Artificial Intelligence Can Tell If You’re Going To Be A Criminal, Says Study

Artificial intelligence has gone from science-fiction fantasy to imminent component of the future in the space of just a few decades, with many of the fictitious genre’s predictions inching closer and closer to reality.

One such foreshadowing short story was Philip K. Dick’s The Minority Report, which was later made into a feature film directed by Steven Spielberg. In that tale, three mutant beings called “precogs” are able to foretell criminal behavior before it actually happens. The only problem is that they don’t always agree, creating an idea about what will happen based on what the “majority report” dictates. Placing faith in their educated guesses, the mutants tell law enforcement what a person will do — before that person knows themselves.

While mutant psychics are a far cry from artificial intelligence, there is an interesting parallel between this work of fiction and a new study from Chinese university Shanghai Jiao Tong, which suggests that a computer can prophesy whether or not someone will participate in criminal behavior in the future based on what they look like.

The criteria for future criminals is based off of 1,856 faces that were fed into a computer, eventually leading to four artificial intelligence-based categorizations that the authors of the study claim can predict such aberrant behavior with “consistently well-performing” accuracy. According to a summary of their findings, “lip curvature, eye inner corner distance, and the so-called nose-mouth angle” are reliable indicators about what lies in the hearts of men.

“The variation among criminal faces is significantly greater than that of the non-criminal faces. The two manifolds consisting of criminal and non-criminal faces appear to be concentric, with the non-criminal manifold lying in the kernel with a smaller span, exhibiting a law of normality for faces of non-criminals. In other words, the faces of general law-biding public have a greater degree of resemblance compared with the faces of criminals, or criminals have a higher degree of dissimilarity in facial appearance than normal people.”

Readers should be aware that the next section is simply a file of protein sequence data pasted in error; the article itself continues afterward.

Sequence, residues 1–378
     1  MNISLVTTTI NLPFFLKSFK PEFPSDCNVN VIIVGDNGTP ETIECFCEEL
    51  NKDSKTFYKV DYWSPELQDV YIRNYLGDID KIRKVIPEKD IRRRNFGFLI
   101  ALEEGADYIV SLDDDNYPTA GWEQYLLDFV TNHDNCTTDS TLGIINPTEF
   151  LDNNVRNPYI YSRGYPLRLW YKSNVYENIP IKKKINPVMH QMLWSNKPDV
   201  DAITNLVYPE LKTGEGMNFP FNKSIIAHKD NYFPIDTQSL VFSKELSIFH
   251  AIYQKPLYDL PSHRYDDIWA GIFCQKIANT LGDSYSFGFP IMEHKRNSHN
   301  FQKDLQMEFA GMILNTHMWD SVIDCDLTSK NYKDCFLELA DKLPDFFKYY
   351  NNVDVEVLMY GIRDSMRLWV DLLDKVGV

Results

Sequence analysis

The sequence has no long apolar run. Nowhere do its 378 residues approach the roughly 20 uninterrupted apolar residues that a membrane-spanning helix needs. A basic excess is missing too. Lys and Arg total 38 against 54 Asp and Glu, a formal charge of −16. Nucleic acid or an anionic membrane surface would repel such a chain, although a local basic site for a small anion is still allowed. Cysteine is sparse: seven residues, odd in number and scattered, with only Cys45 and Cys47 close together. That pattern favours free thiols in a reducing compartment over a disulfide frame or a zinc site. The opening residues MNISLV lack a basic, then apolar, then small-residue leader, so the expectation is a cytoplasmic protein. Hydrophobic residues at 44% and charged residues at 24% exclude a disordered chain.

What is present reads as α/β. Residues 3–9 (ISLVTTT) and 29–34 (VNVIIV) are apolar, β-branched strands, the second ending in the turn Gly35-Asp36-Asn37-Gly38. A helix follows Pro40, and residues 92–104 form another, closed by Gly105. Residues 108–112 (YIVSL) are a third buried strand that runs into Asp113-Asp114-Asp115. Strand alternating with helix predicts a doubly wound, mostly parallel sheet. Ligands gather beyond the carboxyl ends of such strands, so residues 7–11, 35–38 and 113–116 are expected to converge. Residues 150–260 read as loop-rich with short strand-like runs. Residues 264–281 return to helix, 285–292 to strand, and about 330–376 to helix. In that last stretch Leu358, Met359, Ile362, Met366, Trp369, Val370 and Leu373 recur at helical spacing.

Still sound like word salad to you? To put it directly: People in the minority — outside of the homogenized group — are more likely to be a criminal according to artificial intelligence. Those in the majority, those non-criminal folk, are more likely to look the same. The computer, ostensibly free of racial bias, can simply sort people into criminal probability categories based on their physical appearance.

Such a statement may sound eerily familiar, particularly to the archaic study of phrenology. Even the study’s authors comment on it briefly in the abstract, praising the artificial intelligence’s capabilities “despite the historical controversy surrounding the topic.”

Long before artificial intelligence in the mid-19th century, both abolitionists and slave owners alike used the science as proof of the intellectual inferiority of those of African descent, reported The Guardian. Charles Caldwell, a doctor from Kentucky who imported the idea from Paris, argued that slaves were tamable creatures, whose brains were shaped in such a way that they required dominance to survive.

“Depend upon it my good friend, the Africans must have a master.”

While this particular development may disturb some, artificial intelligence itself isn’t all the doom and gloom of dystopian science fiction. In 2015, the United Nations pledged to end world poverty by 2030, a herculean task that would truly require an unprecedented level of cooperation and effort. Marshall Burke of Stanford University helped create an automated system which scans satellite images of the earth to find the world’s poorest communities and intuitively figure out what they need most. Such a technological advance could be essential for concentrating efforts to end poverty.

“We hope our data will be directly useful to governments around the world… to more effectively target their programs.”

Hopefully the companies at the forefront of artificial intelligence will be able to harness the power for good. In September, Facebook, Microsoft, Amazon, IBM, and Google created the Partnership on Artificial Intelligence to Benefit People and Society — a non-profit with the intention of “formulating best practices on the challenges and opportunities within the field.”

[Image via Colorado Springs Police Department/Getty Images]

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